The International Monetary Fund and the Swedish Ministry of Finance are hosting an international conference in Stockholm on May 7-8, with the purpose of sharing knowledge and providing guidance on the best way to achieve fiscal consolidation, and on the role that effective fiscal policy frameworks and institutions can play in this endeavor.

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Global Financial Stability: What’s Still To Be Done?


By José Viñals

(Versions in Español, عربي)

The quest for lasting financial stability is still fraught with risks. The latest Global Financial Stability Report has two key messages: policy actions have brought gains to global financial stability since our September report; but current policy efforts are not enough to achieve lasting stability, both in Europe and some other advanced economies, in particular the United States and Japan.

Much has been done

In recent months, important and unprecedented policy steps have been taken to quell the crisis in the euro area. At the national level, stronger policies are being put in place in Italy and Spain; a new agreement has been reached on Greece; and Ireland and Portugal are making good progress in implementing their respective programs. Importantly, the European Central Bank’s decisive actions have supported bank liquidity and eased funding strains, while banks are reinforcing their capital positions under the guidance of the European Banking Authority. Finally, steps have been taken to enhance economic governance, promote fiscal discipline, and buttress the “firewall” at the euro area level.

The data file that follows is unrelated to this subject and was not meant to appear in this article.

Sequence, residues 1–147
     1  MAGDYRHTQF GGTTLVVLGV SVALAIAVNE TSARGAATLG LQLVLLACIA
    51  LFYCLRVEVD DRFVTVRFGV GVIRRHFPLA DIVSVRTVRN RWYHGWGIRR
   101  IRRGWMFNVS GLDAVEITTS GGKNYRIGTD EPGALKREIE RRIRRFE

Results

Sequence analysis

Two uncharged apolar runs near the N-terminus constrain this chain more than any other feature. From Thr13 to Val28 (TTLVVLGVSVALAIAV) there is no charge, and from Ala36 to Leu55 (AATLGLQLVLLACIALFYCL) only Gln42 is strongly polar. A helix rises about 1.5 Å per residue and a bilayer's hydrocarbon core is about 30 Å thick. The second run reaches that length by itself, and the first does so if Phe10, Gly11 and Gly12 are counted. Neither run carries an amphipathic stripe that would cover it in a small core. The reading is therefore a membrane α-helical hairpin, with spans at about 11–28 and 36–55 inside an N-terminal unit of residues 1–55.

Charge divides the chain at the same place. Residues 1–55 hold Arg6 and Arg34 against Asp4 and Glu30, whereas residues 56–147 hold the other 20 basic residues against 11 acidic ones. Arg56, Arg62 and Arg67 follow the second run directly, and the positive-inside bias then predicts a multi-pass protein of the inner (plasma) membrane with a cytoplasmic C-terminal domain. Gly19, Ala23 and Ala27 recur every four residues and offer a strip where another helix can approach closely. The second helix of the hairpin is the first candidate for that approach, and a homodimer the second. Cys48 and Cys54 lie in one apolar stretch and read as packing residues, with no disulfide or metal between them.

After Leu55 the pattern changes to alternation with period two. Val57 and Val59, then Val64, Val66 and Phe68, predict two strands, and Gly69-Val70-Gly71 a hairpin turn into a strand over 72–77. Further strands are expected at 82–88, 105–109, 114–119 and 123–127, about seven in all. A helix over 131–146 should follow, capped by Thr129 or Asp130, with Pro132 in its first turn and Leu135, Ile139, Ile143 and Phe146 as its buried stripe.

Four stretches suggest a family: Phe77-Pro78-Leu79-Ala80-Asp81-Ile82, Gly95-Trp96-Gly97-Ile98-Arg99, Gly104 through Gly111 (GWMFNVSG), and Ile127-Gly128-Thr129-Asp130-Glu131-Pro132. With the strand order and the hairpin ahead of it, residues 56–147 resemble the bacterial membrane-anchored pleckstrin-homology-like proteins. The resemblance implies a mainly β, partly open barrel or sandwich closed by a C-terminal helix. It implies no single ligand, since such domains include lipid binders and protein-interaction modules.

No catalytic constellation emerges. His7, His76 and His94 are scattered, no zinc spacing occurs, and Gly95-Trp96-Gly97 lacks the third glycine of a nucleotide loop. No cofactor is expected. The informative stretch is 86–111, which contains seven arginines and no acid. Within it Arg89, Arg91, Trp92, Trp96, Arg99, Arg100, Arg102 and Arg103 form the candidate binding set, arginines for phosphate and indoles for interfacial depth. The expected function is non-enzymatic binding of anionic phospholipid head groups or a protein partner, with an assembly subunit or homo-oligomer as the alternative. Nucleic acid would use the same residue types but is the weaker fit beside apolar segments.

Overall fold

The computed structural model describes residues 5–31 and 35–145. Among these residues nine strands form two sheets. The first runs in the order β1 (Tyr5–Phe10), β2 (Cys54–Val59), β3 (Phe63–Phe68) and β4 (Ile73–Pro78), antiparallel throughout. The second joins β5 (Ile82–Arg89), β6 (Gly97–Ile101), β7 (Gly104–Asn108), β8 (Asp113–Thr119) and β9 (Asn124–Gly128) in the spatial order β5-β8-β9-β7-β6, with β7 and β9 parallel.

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It’s the Years, Not The Mileage: IMF Analysis of Pension Reforms in Advanced Economies


By Benedict Clements

Indiana Jones, the fictional character of the namesake movies, once said “It’s not the years, it’s the mileage.” This quote comes to mind as many advanced economies wrestle with pension reform and the best way to ensure both retirees and governments don’t go broke.

Our view, explained in a new study, is that the years do matter.

Our analysis shows that gradually raising retirement ages could help countries contain increases in pension spending and boost economic growth. Further cuts in pension benefits, or raising payroll contributions, are also options countries could consider, although many countries will find many advantages in raising retirement ages.

The challenge is to reform pension systems without hurting their ability to provide income security for the elderly and prevent old-age poverty. Continue reading